Memory discrimination is promoted by the expression of the transcription repressor WT1 in the dentate gyrus

Leonardo Munari, Vishwendra Patel, Nicholas Johnson, Chiara Mariottini, Som Prabha, Robert D. Blitzer, Ravi Iyengar

Research output: Contribution to journalArticlepeer-review


The hippocampus is critical for the precise formation of contextual memories. Overlapping inputs coming from the entorhinal cortex are processed by the trisynaptic pathway to form distinct memories. Disruption in any step of the circuit flow can lead to a lack of memory precision, and to memory interference. We have identified the transcriptional repressor Wilm’s Tumor 1 (WT1) as an important regulator of synaptic plasticity involved in memory discrimination in the hippocampus. In male mice, using viral and transgenic approaches, we showed that WT1 deletion in granule cells of the dentate gyrus (DG) disrupts memory discrimination. With electrophysiological methods, we then identified changes in granule cells’ excitability and DG synaptic transmission indicating that WT1 knockdown in DG granule cells disrupts the inhibitory feedforward input from mossy fibers to CA3 by decreasing mIPSCs and shifting the normal excitatory/inhibitory (E/I) balance in the DG → CA3 circuit in favor of excitation. Finally, using a chemogenetic approach, we established a causal link between granule cell hyperexcitability and memory discrimination impairments. Our results suggest that WT1 enables a circuit-level computation that drives pattern discrimination behavior.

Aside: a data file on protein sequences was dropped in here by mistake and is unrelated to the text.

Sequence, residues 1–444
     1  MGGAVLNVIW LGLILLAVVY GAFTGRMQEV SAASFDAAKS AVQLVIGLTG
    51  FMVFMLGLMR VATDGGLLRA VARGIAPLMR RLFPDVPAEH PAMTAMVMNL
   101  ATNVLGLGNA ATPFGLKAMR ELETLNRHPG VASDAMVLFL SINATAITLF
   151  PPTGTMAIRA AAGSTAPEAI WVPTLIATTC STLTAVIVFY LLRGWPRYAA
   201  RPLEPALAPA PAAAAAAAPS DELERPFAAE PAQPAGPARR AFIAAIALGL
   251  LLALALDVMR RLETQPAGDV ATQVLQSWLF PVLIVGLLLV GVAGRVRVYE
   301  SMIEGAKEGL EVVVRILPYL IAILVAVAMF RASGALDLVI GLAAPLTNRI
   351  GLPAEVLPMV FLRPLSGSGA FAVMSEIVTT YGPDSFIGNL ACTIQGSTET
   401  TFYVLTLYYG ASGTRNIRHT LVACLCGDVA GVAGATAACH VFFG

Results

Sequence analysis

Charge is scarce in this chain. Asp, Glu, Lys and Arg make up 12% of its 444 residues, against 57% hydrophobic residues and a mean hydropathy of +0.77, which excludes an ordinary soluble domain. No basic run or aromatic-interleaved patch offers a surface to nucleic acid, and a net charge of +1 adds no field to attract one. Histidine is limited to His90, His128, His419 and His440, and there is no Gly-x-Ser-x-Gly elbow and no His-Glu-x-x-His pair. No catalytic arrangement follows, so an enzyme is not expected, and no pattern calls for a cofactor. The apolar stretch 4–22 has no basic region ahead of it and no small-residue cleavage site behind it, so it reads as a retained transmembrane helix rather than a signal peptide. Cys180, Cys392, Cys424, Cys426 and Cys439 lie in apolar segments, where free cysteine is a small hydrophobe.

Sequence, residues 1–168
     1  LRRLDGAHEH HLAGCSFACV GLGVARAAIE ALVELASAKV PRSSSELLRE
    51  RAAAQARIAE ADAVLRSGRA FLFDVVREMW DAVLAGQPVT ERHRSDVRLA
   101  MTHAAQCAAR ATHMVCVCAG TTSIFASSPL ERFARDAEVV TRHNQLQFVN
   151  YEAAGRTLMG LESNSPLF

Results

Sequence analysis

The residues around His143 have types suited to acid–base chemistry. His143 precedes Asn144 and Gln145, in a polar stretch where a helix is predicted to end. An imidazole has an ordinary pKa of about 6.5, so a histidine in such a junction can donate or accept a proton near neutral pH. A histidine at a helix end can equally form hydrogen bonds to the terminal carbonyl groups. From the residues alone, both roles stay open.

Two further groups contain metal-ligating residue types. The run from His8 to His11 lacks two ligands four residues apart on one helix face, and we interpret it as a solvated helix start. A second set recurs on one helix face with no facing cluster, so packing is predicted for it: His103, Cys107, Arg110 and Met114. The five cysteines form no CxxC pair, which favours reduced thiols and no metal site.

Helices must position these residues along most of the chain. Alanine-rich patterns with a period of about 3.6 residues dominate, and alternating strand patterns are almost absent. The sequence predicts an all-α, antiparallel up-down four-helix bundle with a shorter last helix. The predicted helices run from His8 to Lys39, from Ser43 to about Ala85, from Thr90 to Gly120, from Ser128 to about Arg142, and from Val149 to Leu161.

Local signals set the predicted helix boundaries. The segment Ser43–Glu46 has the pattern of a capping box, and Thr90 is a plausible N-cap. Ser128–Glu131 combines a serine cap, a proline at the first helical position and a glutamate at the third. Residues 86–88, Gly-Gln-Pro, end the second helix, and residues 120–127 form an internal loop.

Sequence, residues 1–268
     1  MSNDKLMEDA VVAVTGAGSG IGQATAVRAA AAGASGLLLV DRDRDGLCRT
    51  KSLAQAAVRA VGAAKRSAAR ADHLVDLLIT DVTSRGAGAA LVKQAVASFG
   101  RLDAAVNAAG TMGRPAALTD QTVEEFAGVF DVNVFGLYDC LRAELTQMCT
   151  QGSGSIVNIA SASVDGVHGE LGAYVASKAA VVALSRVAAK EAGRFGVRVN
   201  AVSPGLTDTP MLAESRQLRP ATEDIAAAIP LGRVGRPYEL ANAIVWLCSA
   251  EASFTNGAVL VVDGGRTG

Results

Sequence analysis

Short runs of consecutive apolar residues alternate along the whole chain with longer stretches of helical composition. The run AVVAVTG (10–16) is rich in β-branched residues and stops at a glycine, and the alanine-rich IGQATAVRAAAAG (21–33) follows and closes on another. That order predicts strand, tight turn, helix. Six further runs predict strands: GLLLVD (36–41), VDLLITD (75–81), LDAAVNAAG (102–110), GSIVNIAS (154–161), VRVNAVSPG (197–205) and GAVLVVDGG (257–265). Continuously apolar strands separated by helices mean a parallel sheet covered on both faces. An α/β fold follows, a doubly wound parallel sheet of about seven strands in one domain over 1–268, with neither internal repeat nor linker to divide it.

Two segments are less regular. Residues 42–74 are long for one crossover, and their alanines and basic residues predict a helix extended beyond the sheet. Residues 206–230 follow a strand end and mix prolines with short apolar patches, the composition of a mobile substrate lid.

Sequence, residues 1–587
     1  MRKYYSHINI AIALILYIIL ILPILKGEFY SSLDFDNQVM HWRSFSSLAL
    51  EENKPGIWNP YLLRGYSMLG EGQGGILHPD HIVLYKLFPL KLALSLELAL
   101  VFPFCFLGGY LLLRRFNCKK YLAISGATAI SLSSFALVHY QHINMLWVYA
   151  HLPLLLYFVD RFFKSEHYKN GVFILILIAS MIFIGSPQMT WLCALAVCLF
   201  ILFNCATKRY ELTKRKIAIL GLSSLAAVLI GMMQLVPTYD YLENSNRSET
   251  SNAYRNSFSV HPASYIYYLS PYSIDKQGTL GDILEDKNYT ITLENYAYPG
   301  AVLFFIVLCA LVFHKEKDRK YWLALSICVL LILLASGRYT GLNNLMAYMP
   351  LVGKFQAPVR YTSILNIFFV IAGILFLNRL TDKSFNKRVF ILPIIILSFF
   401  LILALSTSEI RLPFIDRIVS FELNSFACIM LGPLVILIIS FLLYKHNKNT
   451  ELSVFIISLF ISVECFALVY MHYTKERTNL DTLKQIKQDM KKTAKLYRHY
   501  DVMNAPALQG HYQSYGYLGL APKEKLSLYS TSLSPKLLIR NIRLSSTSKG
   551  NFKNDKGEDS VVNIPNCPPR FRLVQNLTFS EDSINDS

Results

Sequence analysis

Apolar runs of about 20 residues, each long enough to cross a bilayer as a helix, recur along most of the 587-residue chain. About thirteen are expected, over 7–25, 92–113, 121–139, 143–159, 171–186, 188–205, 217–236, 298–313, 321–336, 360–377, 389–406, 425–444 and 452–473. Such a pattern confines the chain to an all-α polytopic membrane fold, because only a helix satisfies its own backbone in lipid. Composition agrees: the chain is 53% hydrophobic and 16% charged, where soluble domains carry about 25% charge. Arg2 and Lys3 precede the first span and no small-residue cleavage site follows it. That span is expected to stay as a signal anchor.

Original languageEnglish
Article number1130840
JournalFrontiers in Behavioral Neuroscience
StatePublished - 2023


  • CA3
  • WT1 = wilm’s tumor 1
  • cell excitability
  • dentate gyrus
  • hippocampus
  • memory
  • memory discrimination


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